While the Act on Electromobility is still in preparation, the Polish Minister of Energy brings a Policy for the Deployment of Alternative Fuels Infrastructure in its Easter egg basket. The goals for electricity, along with natural gas (CNG, LNG), are set out for 2020 and 2025.
Poland counts on significant surge in the number of electric vehicles, both passenger cars and public transportation buses, in the coming years. The beginnings are meager, with a few thousand electric vehicles and a few hundred recharging points, most of which offer the charging for free – partly for the sake of promoting e-mobility. The target for 2020 is ca. 50k electric vehicles, 6k normal recharging points accessible to the public and 400 high-power recharging points. An even bolder goal of 1 million electric cars is set for 2025. The assumption is that the slow increase in the first years will be followed by rapid growth later on, presumably in the period 2021-2024, although the authors of the Policy admit that the exact time of the acceleration cannot be predicted. Unsurprisingly, the turning point is expected once there is sufficient development of technology, infrastructure and legal frames for electromobility.
Deployment of the charging infrastructure is advised primarily in urban agglomerations and along the Trans-European Transport Networks (or TEN-T), to allow for maximum coverage of the country, taking into account the assumed electric vehicle’s range of 150 km, and a radius of 75 km from each agglomeration (see graphic below). This seems to be sufficient for transit, but not necessarily for daily use by the inhabitants of the areas near the perimeters.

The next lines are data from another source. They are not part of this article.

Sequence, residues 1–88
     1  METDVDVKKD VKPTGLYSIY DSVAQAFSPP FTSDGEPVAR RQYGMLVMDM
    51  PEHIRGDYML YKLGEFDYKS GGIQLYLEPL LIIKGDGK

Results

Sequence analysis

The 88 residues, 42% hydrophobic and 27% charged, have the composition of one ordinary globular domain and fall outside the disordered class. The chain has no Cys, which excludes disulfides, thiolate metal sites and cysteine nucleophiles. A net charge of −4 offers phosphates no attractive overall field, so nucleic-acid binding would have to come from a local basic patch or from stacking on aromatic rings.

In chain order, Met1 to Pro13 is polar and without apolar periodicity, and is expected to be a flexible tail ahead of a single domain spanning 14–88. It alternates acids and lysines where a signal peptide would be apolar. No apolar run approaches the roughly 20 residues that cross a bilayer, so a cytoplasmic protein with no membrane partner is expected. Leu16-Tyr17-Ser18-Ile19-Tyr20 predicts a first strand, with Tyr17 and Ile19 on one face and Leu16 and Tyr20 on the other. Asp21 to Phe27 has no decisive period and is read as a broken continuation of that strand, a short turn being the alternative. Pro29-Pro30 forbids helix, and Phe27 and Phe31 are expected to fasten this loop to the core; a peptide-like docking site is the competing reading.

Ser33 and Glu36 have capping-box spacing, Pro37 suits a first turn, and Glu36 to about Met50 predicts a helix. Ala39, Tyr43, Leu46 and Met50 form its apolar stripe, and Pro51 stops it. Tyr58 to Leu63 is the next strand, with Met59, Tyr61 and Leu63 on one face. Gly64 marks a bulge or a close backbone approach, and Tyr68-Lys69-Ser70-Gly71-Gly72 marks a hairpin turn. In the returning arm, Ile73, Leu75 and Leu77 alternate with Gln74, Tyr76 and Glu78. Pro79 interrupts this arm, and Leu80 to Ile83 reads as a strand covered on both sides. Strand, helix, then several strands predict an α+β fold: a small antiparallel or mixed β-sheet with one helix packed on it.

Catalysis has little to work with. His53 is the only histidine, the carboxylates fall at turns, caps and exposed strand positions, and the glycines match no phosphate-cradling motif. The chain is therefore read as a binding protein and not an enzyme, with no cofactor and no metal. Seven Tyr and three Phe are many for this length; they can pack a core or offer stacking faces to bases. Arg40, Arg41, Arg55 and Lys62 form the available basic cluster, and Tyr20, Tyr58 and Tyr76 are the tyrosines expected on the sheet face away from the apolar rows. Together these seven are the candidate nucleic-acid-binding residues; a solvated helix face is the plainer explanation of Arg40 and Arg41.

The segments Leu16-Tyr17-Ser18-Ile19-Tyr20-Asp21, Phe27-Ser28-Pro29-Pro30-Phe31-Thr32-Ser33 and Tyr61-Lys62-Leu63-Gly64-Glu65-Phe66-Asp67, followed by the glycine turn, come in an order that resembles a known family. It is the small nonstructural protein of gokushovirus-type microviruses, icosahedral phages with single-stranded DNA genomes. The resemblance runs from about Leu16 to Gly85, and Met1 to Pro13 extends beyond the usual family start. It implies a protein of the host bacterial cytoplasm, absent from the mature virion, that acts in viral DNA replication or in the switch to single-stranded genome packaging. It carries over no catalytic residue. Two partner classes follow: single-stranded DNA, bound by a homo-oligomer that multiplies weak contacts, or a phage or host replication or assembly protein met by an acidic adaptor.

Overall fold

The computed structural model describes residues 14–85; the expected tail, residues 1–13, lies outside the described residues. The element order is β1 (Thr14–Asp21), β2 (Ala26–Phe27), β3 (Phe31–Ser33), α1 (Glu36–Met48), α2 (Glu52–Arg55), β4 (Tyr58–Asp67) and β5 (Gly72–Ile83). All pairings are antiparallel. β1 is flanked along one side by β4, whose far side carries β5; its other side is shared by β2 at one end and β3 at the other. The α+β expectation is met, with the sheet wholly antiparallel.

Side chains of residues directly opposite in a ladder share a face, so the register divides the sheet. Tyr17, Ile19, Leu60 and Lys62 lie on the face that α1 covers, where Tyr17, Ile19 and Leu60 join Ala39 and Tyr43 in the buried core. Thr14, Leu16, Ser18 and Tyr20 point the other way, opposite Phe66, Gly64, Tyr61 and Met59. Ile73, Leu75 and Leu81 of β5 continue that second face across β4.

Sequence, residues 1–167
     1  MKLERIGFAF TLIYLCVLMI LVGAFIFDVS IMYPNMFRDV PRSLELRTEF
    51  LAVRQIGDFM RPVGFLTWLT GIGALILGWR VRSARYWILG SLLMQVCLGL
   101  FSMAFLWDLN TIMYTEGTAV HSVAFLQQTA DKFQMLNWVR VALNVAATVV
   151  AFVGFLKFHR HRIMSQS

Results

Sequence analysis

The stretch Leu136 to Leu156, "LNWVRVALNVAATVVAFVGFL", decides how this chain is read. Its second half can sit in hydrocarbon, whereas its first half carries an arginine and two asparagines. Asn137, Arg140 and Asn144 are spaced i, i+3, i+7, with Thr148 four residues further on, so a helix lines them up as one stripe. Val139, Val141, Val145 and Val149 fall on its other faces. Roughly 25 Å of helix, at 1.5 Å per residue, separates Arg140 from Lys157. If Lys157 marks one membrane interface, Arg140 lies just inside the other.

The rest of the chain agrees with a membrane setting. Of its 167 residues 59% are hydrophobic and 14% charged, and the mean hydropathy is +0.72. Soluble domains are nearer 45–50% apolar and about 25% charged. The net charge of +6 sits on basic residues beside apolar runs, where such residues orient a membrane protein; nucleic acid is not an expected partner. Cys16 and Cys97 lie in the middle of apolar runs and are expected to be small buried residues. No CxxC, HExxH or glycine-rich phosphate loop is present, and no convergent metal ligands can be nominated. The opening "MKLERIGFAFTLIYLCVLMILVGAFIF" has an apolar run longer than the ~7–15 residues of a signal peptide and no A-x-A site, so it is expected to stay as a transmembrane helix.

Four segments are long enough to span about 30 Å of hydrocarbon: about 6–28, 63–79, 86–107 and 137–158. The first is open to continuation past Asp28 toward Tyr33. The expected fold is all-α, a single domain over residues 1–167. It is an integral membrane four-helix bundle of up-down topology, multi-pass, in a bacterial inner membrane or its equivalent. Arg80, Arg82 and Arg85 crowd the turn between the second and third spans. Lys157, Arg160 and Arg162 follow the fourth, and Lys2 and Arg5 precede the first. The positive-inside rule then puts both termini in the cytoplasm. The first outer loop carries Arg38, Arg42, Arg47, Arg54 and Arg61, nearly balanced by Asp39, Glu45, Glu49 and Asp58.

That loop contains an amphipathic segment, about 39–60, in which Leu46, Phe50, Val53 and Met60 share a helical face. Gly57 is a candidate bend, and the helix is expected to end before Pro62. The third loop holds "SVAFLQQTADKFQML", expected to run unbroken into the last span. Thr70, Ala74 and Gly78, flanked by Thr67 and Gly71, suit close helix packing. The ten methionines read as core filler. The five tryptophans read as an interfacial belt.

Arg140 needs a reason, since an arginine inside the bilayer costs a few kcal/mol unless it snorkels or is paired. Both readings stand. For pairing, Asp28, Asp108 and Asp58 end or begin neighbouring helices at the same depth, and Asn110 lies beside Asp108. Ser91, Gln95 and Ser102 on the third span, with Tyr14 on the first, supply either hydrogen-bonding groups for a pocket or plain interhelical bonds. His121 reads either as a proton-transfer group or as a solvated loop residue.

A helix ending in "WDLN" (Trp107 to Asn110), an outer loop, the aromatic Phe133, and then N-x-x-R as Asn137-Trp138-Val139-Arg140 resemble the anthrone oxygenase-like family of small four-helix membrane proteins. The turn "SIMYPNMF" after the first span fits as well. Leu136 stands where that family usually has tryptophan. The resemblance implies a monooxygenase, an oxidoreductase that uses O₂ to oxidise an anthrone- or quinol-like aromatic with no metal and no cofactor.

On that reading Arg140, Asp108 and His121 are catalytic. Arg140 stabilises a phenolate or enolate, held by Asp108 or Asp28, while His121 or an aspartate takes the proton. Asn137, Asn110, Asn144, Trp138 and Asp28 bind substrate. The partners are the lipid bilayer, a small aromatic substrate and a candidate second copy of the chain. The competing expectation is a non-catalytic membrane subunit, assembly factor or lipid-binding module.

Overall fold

According to the Minister, the costs of building a normal recharging station range between PLN 16k and PLN 70k (ca. € 4k and € 17k, respectively), while the costs of fast recharging station are between PLN100k and PLN 250k (ca. €24k and €60k, respectively) – depending on the costs of connection to the electricity grid and number of cars which can be charged at the same time. Moreover, the electric cars are still much more expensive than the vehicles that can be fueled with either petrol or a gaseous fuel. Because of this, the Minister acknowledges that financial incentives from the state and local governments are crucial in reaching the set targets. These may come, for example, in the form of excise duty relief, increase of depreciation rates, real estate tax relief, varied registration fees depending on the emissions and age of the vehicle, and – if introduced or allowed by the EU – decrease of the applicable VAT rate.
Transition to electric vehicles will shift some of the demand from imported oil to electric energy, which may be produced domestically. The Policy predicts that 1 million electric vehicles may generate an additional demand for electric energy of even 2.3 TWh annually.
According to a representative of the Ministry of Energy cited by the press, the Act on Electromobility should be adopted after the second quarter of 2017, and become effective in January 2018.